Sermon Notes • December 5

The Wise Men • Matthew 2:1-12

What would the Christmas story be without the presence of the Wise Men and retelling of how they followed a star and worshipped the one they believed was born a king? Then they gave Him incredible gifts. No one in Israel would have considered it a remote possibility that these men, who were for sure Gentiles, would be invited to participate in the birth of a Jewish Messiah. But Jesus came for all men because all of us as sinners desperately need a Savior.  God made it very clear from the beginning that the Messiah had come to bless all men.  

The Wise Men are an interesting part of the Christmas story in part because we know so little about them.

  1. They are identified as magi from the east. The word “magi” is the one from which we get our English word “magician.” It had a broader meaning in ancient times. 
  2. The expensive gifts they brought, as well as the distance they traveled, tell us they were financially well off. 
  3. We know that they had an idea a king would be born, and his birth would be foretold in the stars. 

That is all we really know about them. 

  1. We have no idea how many there actually were. We say three because of the three gifts. In the 4th century people began giving them names. (Casper, Melchior, Baltezar) 
  2. There is a tradition that they were baptized by Thomas the disciple and when they died their bodies were preserved in Constantinople. Centuries later, supposedly their bones were moved to Cologne, Germany. For a price you can still see those bones. (Want to buy a bridge?)
  3. We assume they were from Persia or Babylon because many in that area were deep into astronomy and astrology. They believed the stars had messages in them. Some speculate they were aware of Daniel’s writings since Daniel lived in what we call Persia today and was associated with those considered the wise men of that community. There is, however, no evidence of that.
  4. We don’t even know when the star appeared in relationship to the birth of Jesus. Matthew tells us they came to the house where Jesus was, not to the manger. Herod ordered the slaughter of male children under 2 causing some to wonder if the star might have appeared at least a year earlier although the trip was certainly much shorter than a year even with preparation.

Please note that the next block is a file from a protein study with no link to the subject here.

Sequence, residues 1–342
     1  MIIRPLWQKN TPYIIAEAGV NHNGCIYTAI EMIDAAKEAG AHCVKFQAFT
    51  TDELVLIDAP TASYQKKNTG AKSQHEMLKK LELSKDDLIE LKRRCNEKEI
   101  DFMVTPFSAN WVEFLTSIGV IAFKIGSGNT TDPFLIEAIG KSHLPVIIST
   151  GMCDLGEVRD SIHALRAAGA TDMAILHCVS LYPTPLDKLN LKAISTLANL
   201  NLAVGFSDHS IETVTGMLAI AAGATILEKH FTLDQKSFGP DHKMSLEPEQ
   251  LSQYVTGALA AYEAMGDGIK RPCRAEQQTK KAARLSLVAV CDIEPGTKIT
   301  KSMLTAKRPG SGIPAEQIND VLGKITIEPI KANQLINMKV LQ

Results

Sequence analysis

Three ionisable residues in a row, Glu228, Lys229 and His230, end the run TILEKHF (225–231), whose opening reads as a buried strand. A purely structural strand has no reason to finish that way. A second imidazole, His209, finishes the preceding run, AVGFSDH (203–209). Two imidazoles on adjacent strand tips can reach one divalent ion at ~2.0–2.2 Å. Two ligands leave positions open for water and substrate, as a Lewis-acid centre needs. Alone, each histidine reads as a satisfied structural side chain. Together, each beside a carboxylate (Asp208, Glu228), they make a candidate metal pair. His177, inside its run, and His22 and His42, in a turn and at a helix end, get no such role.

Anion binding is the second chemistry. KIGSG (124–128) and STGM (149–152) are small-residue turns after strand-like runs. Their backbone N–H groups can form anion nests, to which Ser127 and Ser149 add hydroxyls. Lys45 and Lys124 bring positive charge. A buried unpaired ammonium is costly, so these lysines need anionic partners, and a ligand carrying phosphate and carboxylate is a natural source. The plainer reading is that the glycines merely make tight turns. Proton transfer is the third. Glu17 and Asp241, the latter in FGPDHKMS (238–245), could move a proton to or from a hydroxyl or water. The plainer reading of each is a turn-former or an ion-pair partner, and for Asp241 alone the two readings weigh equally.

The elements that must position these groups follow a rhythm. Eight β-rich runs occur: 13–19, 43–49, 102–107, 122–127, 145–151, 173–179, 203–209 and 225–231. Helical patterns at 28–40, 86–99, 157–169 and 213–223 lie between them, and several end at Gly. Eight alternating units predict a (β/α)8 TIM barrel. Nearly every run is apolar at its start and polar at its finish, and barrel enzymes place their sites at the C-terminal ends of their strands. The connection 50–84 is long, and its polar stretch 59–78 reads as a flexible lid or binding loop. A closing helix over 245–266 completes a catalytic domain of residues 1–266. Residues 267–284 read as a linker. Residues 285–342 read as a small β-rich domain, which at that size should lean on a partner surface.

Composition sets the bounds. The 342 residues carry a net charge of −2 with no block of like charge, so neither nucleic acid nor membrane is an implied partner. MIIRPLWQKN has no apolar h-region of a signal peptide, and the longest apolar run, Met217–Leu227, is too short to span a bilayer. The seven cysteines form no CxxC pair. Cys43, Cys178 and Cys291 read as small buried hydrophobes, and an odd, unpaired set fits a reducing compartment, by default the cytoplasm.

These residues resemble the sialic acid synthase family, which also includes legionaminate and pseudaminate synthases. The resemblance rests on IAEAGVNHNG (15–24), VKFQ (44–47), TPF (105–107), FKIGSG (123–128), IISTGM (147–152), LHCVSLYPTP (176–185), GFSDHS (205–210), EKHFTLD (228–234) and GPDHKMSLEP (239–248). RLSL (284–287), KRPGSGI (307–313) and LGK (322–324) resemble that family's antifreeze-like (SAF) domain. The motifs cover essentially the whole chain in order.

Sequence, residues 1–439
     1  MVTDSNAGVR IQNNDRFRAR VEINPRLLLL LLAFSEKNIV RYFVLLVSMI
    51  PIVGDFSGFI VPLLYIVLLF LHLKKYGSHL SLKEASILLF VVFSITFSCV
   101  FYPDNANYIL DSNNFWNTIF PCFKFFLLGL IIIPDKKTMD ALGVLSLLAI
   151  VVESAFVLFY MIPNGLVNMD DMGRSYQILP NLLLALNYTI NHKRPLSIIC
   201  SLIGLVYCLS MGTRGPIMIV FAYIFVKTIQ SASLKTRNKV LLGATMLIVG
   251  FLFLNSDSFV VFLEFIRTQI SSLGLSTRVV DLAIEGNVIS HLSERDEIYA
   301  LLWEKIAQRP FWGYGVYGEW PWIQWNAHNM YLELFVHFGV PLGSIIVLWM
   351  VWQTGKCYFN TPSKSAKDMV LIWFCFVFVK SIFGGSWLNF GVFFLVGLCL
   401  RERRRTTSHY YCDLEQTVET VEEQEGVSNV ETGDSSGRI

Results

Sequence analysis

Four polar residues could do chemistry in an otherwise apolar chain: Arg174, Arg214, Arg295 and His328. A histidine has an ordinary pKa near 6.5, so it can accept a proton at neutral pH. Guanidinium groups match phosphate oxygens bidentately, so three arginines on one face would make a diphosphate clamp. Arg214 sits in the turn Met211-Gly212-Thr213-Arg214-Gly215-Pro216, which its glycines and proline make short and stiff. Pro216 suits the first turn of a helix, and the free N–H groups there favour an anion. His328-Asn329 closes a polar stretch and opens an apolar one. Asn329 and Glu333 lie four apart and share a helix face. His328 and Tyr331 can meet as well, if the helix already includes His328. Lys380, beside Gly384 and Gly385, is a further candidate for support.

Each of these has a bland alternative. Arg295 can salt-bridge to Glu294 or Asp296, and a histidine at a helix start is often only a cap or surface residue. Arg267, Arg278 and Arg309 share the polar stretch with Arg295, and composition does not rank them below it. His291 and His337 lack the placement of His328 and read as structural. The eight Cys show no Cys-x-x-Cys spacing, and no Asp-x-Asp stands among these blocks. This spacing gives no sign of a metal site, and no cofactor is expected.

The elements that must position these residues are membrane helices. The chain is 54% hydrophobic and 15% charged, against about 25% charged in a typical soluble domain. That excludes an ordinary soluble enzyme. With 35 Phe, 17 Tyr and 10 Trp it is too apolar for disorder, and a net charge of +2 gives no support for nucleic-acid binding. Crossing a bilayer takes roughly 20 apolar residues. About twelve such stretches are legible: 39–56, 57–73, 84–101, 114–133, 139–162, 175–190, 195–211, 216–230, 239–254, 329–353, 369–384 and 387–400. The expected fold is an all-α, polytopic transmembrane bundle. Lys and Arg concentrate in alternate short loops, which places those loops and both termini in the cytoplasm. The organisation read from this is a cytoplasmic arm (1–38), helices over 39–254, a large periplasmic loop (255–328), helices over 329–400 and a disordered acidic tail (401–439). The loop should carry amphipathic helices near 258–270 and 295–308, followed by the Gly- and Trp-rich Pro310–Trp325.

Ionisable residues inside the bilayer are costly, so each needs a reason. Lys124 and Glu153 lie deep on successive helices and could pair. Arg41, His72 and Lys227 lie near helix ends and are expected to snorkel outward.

The Wise Men stepped out in faith and followed a star they believed God had given them, even when they really did not know where it was leading or what they would find in the end. If we learn nothing else from those Wise Men, it should be that we must be willing to follow wherever God leads. God is not likely to lead us in as dramatic a way as He did the Wise Men. He has promised, however, that if we are willing, He will lead us so that the decisions we make and the path we follow are in keeping with His perfect desire for us. Following God does not always make sense but, as the Wise Men of old knew, when He leads, we should follow with enthusiasm.

We know that these men followed that star because they felt compelled to go and worship the one we know was born in a manger not a palace as one might expect for a future king. Worshipping Him appears to have been their only reason for making the trip. They simply believed that this one born in Israel was worthy of their worship. There is no hint that they made the trip for any personal gain. They did not make any requests of Him. They merely worshipped Him. Herod also sought Him out but for the wrong reason. Whenever we think of the Wise Men, we need to ask ourselves what we want in Jesus. Do we worship Him because we want Him to bless us or do we worship Him because He is truly worthy of worship? Can we talk to Him in prayer and not make a single request or is our talking to Him focused on what we want Him to do for us? The Wise Men remind us that He is worthy of just simple worship.